Q: How did the Pallekele wicket play, did it assist you?

A: There was some support from the wicket for the spinners, but Bangladesh had very good batters, so it was not easy to take wickets. The captain and players told me; just do the right things and the wickets will come. Don’t try to take wickets but bowl as many dot balls and build up the pressure. So, I did just that and the wickets came.

Q: What is the support you received from Ramesh Mendis?

A: I play with Ramesh (aiya) for Moors SC. In club matches, we bowl at either ends so we have an understanding with each other. He also bowled well so I received good support from him and was able to perform the way I did.

Q: Did you ever dream that you would play for your country so soon at the age of 22 and with only 10 first-class appearances behind you?

A: When I played for the Under-19 national team, I thought that I could play for the country by the ages 21-22, but in the past few years I didn’t think so because there weren’t so many matches and I also got injured, so I thought I wouldn’t play as early as 22, but at least by 24. But at the age of 22 I got the chance to play for my country.

Q: What was your initial reaction when you found out that you had been selected in the Test squad?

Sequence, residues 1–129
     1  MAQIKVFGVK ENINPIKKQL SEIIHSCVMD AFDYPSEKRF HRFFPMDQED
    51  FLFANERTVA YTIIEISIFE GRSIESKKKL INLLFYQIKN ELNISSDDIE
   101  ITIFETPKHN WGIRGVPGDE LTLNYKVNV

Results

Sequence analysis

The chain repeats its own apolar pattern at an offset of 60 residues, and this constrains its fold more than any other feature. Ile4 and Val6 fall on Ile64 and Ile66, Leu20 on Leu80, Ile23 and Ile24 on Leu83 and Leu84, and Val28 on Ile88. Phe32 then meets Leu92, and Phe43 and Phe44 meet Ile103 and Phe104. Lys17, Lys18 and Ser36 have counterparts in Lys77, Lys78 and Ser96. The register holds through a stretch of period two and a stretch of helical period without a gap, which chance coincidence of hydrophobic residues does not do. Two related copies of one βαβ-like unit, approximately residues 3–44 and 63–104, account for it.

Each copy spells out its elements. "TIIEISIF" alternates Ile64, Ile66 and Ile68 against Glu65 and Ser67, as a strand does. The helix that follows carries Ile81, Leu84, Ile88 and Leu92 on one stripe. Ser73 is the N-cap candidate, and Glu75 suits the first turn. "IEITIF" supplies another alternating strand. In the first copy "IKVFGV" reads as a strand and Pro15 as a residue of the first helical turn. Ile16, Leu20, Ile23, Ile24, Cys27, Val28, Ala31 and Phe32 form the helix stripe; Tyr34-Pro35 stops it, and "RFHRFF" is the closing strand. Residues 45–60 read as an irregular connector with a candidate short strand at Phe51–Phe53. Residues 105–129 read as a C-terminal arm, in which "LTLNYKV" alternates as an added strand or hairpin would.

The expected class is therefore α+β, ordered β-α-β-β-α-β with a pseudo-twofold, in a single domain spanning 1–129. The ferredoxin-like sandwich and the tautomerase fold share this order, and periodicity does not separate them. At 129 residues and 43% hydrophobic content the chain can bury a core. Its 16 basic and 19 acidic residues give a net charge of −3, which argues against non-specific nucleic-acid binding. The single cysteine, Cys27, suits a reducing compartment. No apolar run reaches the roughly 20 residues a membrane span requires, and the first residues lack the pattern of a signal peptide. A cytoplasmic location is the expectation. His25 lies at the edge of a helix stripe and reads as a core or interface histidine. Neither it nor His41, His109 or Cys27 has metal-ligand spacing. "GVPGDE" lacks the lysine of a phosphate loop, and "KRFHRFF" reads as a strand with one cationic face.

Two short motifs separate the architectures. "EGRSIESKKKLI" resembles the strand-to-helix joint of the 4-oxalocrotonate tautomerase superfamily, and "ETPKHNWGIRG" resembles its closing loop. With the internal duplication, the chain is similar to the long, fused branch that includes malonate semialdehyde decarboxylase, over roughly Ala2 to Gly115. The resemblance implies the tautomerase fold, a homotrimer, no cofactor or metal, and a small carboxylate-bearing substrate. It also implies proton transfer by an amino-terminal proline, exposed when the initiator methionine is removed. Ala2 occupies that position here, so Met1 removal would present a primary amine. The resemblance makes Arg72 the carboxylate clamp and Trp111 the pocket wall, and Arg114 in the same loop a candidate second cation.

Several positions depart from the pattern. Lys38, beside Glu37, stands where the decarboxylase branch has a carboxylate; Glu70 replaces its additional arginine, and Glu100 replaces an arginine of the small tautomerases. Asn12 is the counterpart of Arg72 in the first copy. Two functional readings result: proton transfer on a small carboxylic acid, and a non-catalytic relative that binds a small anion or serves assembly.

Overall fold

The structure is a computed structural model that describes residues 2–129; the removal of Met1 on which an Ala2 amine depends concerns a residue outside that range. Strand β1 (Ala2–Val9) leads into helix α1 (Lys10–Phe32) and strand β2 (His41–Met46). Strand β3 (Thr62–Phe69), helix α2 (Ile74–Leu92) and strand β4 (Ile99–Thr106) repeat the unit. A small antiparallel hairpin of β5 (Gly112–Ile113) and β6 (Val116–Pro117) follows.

A: It was my biggest dream from my childhood to play for the national team. It was the dream of my parents as well. So, I put aside my studies and concentrated on pursuing my goal. I am extremely happy that I was able to achieve it.

Q: When did you find out that you were in the final eleven for the Test?

A: I learnt it the day before the Test when the Head Coach told me to be ready to play in the Test. I felt a little bit of pressure inside me, but I thought that I was going to make the most of my opportunity. When I came for the Test, I got a lot of support from my teammates and the support staff.

Q: When the captain tossed the ball to you and asked you to bowl what went through your mind?

A: I was keen to bowl my first ball in Test cricket although there was pressure, I didn’t feel it. The captain advised me to do the right things and try and bowl as if I would normally in a club match and not put too much pressure on myself.

Q: How did you feel when you took your first Test wicket?